What Should I Do If I've Been Bitten By An Animal?
If you have lived in the area long enough then you know that The Hill Country has its fair share of wildlife. There are many things to consider after an animal bite. For one, you may be in complete shock that your dog of 10 years actually drew blood on you. Dogs, cats, and other furry creatures are animals and will bite if they are provoked or even unprovoked. Here are some basic things to consider if you or a loved one gets bitten by an animal.
Rabies status: If you have a domesticated animal that has known rabies documentation, you have nothing to worry about with regards to contracting rabies. Rabies is a concern if there is no documentation. If the animal was provoked, there is a good chance they do not have rabies but the only way to be sure is to quarantine the animal in question. If the animal does not die or develop neurological changes within a 10-day window, then there is no need for the patient to receive the rabies vaccine series. However, if the animal was unprovoked, has no documentation of rabies vaccine AND cannot be quarantined (wild animal or uncooperative neighbor), it may be prudent to obtain the rabies vaccine series from your nearest ER or urgent care.
Tetanus: Typically tetanus vaccines are good for 10 years. However, if there is an open wound, it is recommended to have a tetanus booster if more than 5 years has passed. Providing immunization with tetanus helps prevent lockjaw. Most pharmacies, urgent cares and doctor’s offices carry tetanus in the form of Td or Tdap.
Wound care: Depending on the site, depth and involvement of the wound, the wound may need different levels of care. As a general rule of thumb, bite wounds should not get closed by stitches since there is a high risk of infection. If the bite wound is actively bleeding or in a cosmetically sensitive area (face), your doctor may put in a few stitches to help with bleeding or cosmetic appearance but only after copious irrigation has been performed. If you get bit by an animal, be sure to irrigate the wound immediately to help decrease the amount of bacteria transferred from the animal’s mouth to your body.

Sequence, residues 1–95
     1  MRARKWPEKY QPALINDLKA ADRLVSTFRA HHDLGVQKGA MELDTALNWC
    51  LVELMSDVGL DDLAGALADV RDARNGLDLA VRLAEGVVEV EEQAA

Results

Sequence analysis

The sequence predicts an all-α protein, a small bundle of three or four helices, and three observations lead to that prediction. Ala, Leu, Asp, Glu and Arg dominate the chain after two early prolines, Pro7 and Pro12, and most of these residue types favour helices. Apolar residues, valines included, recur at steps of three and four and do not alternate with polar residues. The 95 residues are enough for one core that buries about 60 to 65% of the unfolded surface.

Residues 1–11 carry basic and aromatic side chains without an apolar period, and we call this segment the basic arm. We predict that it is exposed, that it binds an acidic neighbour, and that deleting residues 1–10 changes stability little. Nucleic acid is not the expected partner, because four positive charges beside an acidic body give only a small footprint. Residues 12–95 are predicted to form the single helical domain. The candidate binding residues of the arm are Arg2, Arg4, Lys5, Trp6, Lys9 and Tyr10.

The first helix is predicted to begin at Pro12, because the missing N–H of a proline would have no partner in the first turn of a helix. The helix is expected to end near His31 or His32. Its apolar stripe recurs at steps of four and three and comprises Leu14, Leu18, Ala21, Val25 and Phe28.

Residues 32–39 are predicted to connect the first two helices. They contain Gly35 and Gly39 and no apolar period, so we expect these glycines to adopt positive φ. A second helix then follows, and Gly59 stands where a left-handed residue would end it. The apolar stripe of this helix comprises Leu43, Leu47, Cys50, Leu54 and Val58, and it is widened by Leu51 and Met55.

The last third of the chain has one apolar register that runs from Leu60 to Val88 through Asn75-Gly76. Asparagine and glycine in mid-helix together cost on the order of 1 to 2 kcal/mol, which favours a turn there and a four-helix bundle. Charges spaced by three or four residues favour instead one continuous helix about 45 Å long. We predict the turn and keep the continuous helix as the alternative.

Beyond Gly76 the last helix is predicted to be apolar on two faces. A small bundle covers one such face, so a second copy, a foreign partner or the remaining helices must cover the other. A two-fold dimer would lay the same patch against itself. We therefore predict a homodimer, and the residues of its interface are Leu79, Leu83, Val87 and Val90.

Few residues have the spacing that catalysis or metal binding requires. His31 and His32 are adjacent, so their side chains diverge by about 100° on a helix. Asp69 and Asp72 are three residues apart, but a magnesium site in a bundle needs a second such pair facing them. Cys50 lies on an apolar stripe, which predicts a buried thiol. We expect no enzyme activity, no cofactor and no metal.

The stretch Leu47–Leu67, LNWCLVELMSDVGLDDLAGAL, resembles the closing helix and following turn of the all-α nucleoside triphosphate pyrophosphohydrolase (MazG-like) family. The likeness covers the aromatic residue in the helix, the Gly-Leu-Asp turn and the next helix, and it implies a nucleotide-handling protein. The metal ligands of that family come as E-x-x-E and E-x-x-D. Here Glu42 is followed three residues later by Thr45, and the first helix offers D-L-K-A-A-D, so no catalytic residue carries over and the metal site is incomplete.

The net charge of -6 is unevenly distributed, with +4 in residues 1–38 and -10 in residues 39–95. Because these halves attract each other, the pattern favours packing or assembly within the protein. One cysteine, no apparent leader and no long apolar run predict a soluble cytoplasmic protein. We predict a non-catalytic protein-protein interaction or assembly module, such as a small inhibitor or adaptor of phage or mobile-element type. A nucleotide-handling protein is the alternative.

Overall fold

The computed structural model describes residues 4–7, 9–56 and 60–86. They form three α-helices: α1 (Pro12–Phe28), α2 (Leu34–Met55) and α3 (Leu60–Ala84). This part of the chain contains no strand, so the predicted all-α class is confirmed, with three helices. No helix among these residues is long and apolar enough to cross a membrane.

Infection: 20-30% of animal bites, including human bites, cause infection. Therefore with a wound that is deeper than just a surface injury, it is recommended to receive prophylactic antibiotics to prevent infection. Wounds which become infected quickly and cause issues with swelling usually involve the hand. Some infected wounds get serious enough to need debridement in the ER or IV antibiotics requiring a hospital stay.
Be good to your pets and remember they have feelings too. Use good judgement when you are out walking in the neighborhood and stay away from stray animals that show hostile behavior. Whatever you do, do NOT pet squirrels in parks or get close to bats (they can carry rabies!).